John Burroughs Middle School - Burr Yearbook (Los Angeles, CA)

 - Class of 1935

Page 1 of 112

 

John Burroughs Middle School - Burr Yearbook (Los Angeles, CA) online yearbook collection, 1935 Edition, Cover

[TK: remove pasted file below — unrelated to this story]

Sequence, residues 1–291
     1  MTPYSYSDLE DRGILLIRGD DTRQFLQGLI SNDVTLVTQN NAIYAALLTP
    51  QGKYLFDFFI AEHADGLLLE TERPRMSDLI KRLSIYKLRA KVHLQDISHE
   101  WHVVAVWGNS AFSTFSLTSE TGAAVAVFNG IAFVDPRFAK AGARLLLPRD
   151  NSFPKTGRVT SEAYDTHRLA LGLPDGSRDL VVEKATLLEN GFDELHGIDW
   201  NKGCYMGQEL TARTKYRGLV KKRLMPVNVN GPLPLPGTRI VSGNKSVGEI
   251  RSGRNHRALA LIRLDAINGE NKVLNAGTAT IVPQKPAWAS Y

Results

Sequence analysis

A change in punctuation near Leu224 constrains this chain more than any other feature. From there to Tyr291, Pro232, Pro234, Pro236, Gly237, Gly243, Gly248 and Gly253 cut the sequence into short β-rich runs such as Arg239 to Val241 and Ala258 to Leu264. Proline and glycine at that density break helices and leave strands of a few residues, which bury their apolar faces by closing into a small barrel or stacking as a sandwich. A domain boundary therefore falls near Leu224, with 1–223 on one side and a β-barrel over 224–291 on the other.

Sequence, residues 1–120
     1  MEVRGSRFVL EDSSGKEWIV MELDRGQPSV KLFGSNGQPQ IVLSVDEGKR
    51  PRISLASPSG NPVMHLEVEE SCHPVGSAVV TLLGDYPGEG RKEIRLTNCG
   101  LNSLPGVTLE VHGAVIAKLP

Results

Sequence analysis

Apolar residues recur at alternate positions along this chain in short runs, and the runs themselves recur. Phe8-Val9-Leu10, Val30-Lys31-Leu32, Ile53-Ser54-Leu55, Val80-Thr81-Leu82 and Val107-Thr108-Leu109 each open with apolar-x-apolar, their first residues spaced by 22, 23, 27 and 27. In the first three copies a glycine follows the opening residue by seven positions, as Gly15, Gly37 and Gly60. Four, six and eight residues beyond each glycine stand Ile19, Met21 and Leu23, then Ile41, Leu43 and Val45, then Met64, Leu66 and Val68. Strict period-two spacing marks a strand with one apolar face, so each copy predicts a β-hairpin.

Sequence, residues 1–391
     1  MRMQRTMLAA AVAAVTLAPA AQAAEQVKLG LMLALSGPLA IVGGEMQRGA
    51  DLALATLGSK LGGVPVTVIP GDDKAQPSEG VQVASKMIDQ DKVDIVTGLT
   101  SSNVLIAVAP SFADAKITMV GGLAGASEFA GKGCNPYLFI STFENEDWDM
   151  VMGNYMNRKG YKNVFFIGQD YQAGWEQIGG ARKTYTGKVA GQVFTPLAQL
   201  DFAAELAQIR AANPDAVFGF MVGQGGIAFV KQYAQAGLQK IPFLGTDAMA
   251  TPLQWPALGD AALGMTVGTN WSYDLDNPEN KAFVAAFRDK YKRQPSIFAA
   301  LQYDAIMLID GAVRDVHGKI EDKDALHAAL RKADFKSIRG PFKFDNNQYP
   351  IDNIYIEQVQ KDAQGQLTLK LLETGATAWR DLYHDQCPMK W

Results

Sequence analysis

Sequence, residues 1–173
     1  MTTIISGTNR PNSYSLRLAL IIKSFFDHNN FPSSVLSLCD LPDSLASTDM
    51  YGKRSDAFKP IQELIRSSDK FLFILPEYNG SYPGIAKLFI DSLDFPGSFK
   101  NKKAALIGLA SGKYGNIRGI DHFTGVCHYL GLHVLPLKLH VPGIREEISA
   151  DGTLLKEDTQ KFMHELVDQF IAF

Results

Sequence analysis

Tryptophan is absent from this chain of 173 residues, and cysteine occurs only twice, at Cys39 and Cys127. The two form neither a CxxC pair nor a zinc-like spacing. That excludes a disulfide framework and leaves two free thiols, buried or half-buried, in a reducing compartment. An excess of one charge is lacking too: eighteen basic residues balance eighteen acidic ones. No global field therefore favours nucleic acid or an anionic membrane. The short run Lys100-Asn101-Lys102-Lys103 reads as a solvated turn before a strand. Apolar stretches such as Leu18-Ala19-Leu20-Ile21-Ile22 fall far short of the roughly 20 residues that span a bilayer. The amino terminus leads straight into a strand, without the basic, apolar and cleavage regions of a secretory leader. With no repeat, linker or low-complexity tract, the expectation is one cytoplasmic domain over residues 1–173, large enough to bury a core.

Cover



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Text from Pages 1 - 112 of the 1935 volume: